If ultimately upheld, the Bayou award could have ramifications across the financial sector. Wall Street firms, which handle billions of dollars in transactions, say that their job is to clear trades, not police clients. This award could raise the standard for clearing businesses.

John G. Rich, a partner at New York law firm Rich & Intelisano who represented the Bayou creditors, said, “The Bayou investors are gratified that the judge gave proper deference to the arbitrators’ findings about Goldman’s conduct.”

Below is a piece by the American Lawyer. Top Story of the day.

TOP STORY November 9, 2010
The Am Law Litigation Daily – Did Goldman Make Bad Gamble With Arbitration Award?

Arbitration / Commercial
Judge Rakoff Confirms $20.6 Million Arbitration Award Against Goldman Sachs
Goldman Sachs isn’t known for tactical blunders. Did the banking giant miscalculate by challenging a $20.6 million arbitration award?

That’s the question we were left pondering after Manhattan federal district court judge Jed Rakoff confirmed the award, which had been issued by a Financial Industry Regulatory Authority panel in June. (Judge Rakoff’s one-page order is here; the judge will issue a more detailed opinion later.) The award was won by the creditors’ committee of the Bayou Group, which collapsed in 2005 under the cloud of a $400 million Ponzi scheme orchestrated by its former CEO, Samuel Israel III. In their arbitration claim, Bayou’s creditors argued that Goldman, which cleared trades for Bayou, failed to investigate these trades after it learned of potential fraud. Goldman responded that it had no obligation as a prime or clearing broker to detect or report fraud.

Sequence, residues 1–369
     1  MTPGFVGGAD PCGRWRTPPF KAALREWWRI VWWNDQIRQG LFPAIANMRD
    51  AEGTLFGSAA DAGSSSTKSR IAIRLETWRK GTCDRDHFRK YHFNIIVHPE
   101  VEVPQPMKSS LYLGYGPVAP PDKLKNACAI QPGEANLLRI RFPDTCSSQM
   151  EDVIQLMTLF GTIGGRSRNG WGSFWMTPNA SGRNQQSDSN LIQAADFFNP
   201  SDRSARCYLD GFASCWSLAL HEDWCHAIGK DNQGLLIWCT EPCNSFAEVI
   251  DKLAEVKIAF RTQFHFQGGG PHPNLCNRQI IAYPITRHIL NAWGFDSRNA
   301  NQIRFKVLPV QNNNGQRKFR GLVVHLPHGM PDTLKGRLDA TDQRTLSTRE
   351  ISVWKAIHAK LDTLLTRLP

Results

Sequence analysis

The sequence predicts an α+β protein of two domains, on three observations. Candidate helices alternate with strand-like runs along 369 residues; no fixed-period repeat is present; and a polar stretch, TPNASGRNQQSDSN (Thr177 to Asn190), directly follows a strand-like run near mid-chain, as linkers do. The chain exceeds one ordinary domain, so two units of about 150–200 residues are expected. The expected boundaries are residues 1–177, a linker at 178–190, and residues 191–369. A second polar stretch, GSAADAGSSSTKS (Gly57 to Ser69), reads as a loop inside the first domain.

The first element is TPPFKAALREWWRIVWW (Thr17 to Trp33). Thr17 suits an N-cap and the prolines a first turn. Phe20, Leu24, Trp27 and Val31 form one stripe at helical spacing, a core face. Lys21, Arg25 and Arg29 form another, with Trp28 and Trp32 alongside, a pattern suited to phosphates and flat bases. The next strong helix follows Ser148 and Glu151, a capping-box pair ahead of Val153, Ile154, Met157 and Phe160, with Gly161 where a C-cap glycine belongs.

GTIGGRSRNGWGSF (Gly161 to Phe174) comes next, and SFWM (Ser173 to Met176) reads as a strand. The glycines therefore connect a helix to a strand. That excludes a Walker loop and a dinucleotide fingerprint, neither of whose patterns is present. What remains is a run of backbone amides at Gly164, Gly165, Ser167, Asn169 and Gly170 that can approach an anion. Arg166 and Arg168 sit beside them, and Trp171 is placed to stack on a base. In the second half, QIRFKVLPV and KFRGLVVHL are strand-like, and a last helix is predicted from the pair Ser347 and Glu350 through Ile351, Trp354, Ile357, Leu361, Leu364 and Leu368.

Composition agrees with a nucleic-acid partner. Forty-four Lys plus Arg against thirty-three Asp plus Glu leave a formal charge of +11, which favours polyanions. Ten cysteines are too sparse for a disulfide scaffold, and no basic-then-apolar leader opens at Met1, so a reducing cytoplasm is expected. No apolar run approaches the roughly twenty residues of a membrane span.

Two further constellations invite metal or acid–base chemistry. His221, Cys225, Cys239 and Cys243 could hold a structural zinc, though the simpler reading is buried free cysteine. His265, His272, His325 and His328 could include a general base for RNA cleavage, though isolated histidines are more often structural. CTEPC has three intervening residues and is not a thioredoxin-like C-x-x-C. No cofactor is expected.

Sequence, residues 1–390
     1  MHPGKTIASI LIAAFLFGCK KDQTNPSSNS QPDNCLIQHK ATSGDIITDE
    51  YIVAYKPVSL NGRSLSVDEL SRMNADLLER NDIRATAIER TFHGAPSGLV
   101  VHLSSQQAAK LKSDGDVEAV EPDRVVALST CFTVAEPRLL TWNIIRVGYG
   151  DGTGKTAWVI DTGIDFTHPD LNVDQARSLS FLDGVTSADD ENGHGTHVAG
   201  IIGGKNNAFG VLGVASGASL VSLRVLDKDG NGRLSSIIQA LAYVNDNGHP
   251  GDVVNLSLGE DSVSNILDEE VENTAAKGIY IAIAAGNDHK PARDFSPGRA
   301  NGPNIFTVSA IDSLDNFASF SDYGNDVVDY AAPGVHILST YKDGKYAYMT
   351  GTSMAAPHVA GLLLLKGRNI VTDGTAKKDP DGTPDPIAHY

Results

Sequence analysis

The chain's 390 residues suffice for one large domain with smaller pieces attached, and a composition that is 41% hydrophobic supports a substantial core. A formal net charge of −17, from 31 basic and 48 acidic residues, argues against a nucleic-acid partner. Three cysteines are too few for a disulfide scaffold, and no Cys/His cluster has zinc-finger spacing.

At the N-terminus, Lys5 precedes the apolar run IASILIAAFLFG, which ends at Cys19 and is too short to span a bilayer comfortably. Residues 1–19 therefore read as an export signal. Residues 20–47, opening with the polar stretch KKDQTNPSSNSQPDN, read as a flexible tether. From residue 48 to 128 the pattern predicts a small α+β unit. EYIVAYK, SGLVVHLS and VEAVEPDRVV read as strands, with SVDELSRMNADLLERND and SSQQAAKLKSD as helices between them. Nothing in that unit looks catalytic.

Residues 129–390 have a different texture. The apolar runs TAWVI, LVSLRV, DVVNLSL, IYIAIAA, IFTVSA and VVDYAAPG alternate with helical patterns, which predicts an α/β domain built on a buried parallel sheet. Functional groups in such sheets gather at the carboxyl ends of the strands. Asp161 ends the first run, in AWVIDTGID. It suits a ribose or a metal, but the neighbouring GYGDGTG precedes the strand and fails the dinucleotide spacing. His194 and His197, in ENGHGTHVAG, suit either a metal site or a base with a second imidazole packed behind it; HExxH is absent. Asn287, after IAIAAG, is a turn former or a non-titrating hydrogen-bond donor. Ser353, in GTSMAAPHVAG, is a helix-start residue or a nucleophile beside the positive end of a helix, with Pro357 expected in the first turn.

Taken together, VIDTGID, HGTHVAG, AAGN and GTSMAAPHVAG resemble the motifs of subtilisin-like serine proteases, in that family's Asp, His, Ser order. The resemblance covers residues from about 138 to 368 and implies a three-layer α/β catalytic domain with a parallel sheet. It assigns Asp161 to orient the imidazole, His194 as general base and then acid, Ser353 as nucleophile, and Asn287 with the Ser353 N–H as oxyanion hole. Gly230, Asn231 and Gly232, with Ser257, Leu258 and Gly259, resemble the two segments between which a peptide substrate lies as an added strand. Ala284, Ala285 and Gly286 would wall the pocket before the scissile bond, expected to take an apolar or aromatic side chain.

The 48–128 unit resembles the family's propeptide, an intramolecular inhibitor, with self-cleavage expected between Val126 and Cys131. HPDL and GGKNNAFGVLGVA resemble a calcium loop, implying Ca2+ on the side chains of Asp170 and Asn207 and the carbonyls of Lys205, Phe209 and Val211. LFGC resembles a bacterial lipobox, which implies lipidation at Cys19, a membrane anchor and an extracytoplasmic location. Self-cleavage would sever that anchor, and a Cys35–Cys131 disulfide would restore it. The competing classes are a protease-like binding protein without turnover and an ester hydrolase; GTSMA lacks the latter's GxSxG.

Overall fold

The FINRA panel’s decision in June got lots of folks on Wall Street gnashing their teeth. The clearing business moves a lot of money and generates plenty of profits for firms like Goldman, and brokers worried that the Bayou award could force them into a policing role and compel them to raise due diligence standards.

Goldman and its lawyers at Shulte, Roth & Zabel filed a lawsuit to vacate the FINRA award in July, arguing that the FINRA panel exceeded its powers “in manifest disregard of the law.” The bank got amicus support from the Securities Industry and Financial Markets Association, which asserted that requiring clearing firms to monitor every trade for potential fraud would cripple securities markets. Sidley Austin’s Henry Minerop, who authored SIFMA’s brief, declined to comment pending an elaborated opinion from Judge Rakoff.

The Bayou creditors’ committee, represented by Rich & Intelisano, argued at a September hearing before Judge Rakoff that the FINRA decision was limited to cases in which clearing firms had been notified of a Ponzi-style fraud.

Goldman will hardly miss $20 million. The problem is that while the FINRA decision may have rankled clearing firms, it was not precedential. Depending on the reasoning in Judge Rakoff’s more detailed ruling, other clearing firms may wish that Goldman had chosen to write the Bayou creditors a $20.6 million check.

“We’ve been fighting for a long period of time, and we look forward to the investors getting some of their money back,” Ross Intelisano told us. Goldman’s lead lawyer, Shulte Roth’s Howard Schiffman, referred us to his client, which declined to comment.

— David Bario